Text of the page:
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Homework Help: MATLAB, single command for multiple columns

  1. Jul 15, 2013 #1
    1. The problem statement, all variables and given/known data

    Create the following matrix by typing one command. Do not type individual elements explicitly.

    0 & 0 & 0 & 0 & 0 \\
    0 & 0 & 1 & 4 & 7 \\
    0 & 0 & 2 & 5 & 8 \\
    0 & 0 & 3 & 6 & 9 \\ \end{array}

    2. Relevant equations

    3. The attempt at a solution

    A previous problem was very similar, except the "1 2 3" etc elements were in a row rather than a column. For that problem, I came up with e(2:4,3:5)=[1:3;4:6;7:9] and it worked. For this problem, however, I can seem to only get it to work if I do it in more than one command, such as:

    >> e(2:4,3)=[1:3],e(2:4,4)=[4:6],e(2:4,5)=[7:9]

    I have no idea how to do this in one command. I tried the following but got the "Subscripted assignment dimension mismatch." error:


    I also tried transposing, but got nowhere fast. This isn't for a grade (self-teaching so the requirement can be waived as per agreement), but I need to become proficient at this program. Any help is greatly appreciated.
  2. jcsd
  3. Jul 16, 2013 #2

    Simon Bridge

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    If you have the 3x3 matrix already, how would you insert it in the bottom-right corner of a 4x5 matrix?

    Oh I see ... you don't know how to do the numbers ordered in columns.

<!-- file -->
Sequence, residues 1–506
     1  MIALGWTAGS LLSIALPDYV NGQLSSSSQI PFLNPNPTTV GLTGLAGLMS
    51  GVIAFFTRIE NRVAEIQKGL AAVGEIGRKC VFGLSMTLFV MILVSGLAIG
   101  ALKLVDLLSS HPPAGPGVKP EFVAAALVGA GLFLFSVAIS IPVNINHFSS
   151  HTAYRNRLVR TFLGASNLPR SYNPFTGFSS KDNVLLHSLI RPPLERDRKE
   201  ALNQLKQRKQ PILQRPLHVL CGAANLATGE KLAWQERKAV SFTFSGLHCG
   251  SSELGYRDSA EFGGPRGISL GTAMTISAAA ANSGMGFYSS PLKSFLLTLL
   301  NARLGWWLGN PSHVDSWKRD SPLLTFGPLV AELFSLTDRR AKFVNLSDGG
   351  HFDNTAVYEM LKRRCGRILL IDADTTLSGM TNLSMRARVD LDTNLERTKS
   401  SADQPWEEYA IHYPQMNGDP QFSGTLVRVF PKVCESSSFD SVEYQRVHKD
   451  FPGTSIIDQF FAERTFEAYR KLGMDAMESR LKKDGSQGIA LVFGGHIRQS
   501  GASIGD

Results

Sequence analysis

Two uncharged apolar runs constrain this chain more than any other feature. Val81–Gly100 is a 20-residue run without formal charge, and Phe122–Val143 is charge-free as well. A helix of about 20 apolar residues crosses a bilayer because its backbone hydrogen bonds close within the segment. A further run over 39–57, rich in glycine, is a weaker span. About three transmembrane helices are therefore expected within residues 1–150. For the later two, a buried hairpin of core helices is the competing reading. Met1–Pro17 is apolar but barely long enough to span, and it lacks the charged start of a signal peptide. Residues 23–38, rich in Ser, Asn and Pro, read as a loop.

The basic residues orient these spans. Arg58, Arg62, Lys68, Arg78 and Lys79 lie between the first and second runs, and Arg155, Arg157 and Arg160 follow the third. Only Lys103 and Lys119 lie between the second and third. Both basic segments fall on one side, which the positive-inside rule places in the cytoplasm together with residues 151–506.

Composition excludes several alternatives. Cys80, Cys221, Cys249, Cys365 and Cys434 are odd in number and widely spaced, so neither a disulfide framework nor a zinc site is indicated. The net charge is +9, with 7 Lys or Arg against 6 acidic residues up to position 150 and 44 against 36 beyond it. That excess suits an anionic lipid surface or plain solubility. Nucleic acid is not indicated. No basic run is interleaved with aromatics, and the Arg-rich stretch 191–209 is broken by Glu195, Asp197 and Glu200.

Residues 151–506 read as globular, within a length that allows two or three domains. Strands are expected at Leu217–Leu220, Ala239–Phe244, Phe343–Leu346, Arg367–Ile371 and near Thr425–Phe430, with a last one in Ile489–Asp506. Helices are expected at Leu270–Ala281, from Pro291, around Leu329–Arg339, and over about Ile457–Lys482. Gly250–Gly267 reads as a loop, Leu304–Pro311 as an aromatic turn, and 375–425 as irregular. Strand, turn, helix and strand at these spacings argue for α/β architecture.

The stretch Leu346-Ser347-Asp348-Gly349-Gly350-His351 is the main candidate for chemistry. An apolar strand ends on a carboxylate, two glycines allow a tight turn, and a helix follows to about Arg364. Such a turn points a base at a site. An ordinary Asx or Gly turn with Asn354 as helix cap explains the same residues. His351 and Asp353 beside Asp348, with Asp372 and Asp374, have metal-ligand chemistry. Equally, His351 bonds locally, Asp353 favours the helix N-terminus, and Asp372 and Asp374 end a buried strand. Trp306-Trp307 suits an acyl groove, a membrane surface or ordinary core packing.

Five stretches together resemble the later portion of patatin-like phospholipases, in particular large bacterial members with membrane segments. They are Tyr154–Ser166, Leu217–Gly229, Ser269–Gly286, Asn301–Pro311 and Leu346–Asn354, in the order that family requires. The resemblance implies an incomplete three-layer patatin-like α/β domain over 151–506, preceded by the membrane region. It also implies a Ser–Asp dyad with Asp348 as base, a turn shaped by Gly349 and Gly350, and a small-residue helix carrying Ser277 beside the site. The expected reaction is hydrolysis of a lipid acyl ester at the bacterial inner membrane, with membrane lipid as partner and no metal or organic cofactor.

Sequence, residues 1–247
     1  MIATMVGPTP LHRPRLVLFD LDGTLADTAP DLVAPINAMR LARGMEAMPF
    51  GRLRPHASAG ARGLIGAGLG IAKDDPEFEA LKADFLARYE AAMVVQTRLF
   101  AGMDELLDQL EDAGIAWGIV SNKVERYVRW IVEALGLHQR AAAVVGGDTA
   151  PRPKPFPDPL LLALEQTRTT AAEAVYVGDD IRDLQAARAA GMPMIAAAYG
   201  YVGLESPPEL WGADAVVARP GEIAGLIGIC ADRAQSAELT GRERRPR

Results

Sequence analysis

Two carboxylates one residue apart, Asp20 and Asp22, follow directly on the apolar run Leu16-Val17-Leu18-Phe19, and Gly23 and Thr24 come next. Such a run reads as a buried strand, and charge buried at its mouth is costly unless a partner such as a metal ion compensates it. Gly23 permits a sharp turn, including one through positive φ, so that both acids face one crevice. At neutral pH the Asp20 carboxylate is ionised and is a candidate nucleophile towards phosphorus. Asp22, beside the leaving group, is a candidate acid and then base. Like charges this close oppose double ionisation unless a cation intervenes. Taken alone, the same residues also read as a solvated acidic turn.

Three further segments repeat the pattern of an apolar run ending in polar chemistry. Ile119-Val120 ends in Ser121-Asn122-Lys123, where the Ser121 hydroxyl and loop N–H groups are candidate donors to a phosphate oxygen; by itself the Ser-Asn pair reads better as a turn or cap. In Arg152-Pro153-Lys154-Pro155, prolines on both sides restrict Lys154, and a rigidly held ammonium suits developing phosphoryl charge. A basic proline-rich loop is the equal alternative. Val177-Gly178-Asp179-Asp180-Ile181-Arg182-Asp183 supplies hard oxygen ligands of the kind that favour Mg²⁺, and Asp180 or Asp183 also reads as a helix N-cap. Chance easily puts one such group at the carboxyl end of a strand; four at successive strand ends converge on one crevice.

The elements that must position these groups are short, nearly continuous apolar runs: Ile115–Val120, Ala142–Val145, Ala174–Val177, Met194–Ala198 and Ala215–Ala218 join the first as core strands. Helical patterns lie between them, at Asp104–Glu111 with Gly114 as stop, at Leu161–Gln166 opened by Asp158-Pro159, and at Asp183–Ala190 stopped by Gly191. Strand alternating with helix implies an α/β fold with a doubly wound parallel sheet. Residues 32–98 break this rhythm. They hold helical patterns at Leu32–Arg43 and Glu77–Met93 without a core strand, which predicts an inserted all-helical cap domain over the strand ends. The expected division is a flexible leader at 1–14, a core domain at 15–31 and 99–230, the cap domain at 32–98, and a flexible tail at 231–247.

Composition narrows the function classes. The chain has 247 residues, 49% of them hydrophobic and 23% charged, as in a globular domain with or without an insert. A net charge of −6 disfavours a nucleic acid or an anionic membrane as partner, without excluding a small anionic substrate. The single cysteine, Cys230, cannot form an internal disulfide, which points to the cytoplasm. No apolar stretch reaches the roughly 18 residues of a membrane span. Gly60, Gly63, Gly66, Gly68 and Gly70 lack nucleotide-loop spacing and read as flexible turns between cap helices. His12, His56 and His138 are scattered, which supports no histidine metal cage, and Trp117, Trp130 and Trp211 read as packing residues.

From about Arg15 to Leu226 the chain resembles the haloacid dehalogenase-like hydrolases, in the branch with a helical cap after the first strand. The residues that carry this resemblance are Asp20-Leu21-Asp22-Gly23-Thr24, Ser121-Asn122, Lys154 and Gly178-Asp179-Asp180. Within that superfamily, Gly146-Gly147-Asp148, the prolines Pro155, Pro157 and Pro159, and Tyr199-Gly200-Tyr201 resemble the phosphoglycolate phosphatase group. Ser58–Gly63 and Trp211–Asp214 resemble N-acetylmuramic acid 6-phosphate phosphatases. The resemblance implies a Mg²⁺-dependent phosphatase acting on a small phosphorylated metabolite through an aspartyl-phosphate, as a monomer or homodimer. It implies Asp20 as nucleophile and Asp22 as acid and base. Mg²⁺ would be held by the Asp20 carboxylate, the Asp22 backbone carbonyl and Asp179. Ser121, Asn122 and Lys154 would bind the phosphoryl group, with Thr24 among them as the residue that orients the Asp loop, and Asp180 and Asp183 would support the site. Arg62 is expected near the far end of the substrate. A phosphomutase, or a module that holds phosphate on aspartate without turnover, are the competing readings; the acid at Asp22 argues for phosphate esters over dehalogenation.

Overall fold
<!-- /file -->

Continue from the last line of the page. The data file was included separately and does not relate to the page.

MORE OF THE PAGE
What was wrong with transposing?


    or, by brute force:

    [zeros(4,2) [zeros(1,3); [1:3;4:6;7:9]' ]]
    Last edited: Jul 16, 2013
  4. Jul 16, 2013 #3
    Thank you very much, Simon. When I tried transposing, I put the apostrophe in the wrong place (inside the bracket) and didn't catch it. Still very new to this.
  5. Jul 17, 2013 #4

    Simon Bridge

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    No worries - normally I wouldn't just write out the answer for you but you were soooo close I figured it was something like that.
    Hint: In future you should provide the code you actually used when you say something didn't work.
    Copy and paste it from the commandline if possible... as well as your reasoning.

    Don't worry about looking silly, we've all been there ;) ... anyway, science is about being wrong: your mistake could help someone else.

    Note: when someone asks for "one line", check the definition of a line ... if it is everything from the start to the "newline" or "CR" character, then you get to include ";"'s in your "one line" and, therefore, more than one command ;)
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